With this provocative statement, KATUNI Consult wants to attract your attention to our latest research findings, which has vital importance for the prospects of social and political change in Somalia. For a very long time, the international community has been promoting the notion – and in most cases in fact nurtured the creation – of so-called civil society organizations in Somalia, most frequently referred to as NGOs (Non-Governmental Organizations). However, there has not been sufficient analysis of what the NGOs and civil society in fact is. KATUNI has therefore carried out a theory based research and analysis on the civil society phenomenon, and reached the provocative conclusion that there de-facto is no bonafide civil society in Somalia.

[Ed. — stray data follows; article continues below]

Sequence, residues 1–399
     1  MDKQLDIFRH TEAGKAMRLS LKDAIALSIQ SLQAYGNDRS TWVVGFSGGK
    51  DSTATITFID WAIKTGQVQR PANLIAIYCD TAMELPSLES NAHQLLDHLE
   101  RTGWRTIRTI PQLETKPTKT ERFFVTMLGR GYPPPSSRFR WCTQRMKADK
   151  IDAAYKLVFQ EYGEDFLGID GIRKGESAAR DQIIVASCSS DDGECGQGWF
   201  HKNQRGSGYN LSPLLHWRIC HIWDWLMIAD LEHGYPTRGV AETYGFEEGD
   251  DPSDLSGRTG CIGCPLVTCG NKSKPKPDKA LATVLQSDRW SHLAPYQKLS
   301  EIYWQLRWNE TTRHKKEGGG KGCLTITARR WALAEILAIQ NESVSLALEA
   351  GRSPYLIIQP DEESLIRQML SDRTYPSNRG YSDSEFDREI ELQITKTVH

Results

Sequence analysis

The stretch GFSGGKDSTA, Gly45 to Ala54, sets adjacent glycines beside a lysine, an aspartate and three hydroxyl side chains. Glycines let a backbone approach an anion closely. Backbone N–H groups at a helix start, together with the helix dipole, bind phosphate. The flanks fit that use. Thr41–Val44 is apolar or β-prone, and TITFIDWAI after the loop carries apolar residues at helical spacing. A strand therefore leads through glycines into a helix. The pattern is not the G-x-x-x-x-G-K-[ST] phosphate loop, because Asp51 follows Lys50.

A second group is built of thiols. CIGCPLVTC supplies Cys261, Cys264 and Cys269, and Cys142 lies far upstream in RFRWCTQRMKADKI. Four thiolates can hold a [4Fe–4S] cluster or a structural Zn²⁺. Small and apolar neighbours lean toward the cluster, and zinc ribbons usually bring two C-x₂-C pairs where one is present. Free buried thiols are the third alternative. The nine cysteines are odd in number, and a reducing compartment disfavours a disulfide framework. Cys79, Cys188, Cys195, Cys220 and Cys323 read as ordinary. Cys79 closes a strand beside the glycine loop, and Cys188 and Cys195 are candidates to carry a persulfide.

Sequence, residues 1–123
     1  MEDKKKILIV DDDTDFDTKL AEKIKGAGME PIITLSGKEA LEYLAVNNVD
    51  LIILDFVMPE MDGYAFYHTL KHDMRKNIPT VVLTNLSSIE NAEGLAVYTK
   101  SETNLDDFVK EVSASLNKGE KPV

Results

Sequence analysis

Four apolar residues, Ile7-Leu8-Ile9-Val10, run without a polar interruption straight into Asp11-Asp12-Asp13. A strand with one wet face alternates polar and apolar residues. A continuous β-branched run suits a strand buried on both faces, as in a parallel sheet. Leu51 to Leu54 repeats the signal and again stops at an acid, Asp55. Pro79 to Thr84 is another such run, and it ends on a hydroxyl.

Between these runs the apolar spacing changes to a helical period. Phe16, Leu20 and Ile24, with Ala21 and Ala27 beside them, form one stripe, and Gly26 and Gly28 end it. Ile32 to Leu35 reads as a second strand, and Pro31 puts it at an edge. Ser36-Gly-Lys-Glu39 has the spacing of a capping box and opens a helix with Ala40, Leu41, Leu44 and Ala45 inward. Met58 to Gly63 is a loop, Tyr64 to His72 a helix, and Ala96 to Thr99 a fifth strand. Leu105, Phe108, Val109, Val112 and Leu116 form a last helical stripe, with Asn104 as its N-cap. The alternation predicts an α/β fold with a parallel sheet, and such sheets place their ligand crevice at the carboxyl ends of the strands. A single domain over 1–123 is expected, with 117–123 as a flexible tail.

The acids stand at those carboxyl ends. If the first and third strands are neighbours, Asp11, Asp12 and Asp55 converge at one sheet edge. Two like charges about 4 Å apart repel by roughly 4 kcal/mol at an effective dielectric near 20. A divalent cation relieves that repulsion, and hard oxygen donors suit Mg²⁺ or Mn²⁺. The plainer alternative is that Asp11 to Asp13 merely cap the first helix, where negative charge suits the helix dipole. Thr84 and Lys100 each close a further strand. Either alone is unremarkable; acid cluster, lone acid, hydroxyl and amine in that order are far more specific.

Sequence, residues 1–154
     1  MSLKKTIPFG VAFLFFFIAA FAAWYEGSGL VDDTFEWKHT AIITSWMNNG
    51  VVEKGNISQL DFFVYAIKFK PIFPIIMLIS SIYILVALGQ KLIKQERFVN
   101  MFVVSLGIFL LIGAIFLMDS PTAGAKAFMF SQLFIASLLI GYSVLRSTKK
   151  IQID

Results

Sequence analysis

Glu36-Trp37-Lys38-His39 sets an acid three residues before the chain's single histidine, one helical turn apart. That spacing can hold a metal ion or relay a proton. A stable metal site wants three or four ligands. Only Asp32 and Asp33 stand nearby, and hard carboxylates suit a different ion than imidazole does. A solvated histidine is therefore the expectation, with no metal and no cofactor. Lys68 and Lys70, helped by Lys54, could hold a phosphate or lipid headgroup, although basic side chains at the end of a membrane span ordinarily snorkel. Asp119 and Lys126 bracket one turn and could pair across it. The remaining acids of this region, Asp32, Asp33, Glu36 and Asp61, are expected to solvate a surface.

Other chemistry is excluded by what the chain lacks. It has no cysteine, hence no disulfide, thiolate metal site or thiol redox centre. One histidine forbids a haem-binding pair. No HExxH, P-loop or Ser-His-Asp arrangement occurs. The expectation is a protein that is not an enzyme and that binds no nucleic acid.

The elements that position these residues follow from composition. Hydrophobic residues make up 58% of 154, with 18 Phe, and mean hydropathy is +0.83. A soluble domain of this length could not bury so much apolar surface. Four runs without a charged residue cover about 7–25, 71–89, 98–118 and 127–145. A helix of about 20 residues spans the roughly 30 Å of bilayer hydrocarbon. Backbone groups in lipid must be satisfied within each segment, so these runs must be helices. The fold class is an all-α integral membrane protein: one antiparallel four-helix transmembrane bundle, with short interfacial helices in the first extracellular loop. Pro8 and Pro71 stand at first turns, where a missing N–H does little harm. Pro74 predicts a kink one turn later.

The briefing paper, which can be accessed below, critically evaluates the concept and application of ‘civil society’ in Somalia and presents an identification model that seeks to better identify various civic actors working in Somalia and the results of a mapping exercise using this model. It calls for a re-think of civil society engagement in Somalia that may contribute to improved accountability. It explains that the sector is composed of sub-contracting agencies, most commonly referred to as NGOs, and other social civic actors who however do not qualify as being civil society. To distinguish the actors in the field is vital, if social and political change is to occur in Somalia. The potential for an actual civil society to rise up is there, but it requires that they are provided with the space to do so, and that international community interventions do not inhibit their true and independent development. The latter, the independence of a true civil society is at the same time crucial for the emergence of alternative social and political forces, to balance off the current political spectrum, which is vital if the political corruption in the country is to be fought, and accountability is to be ensured.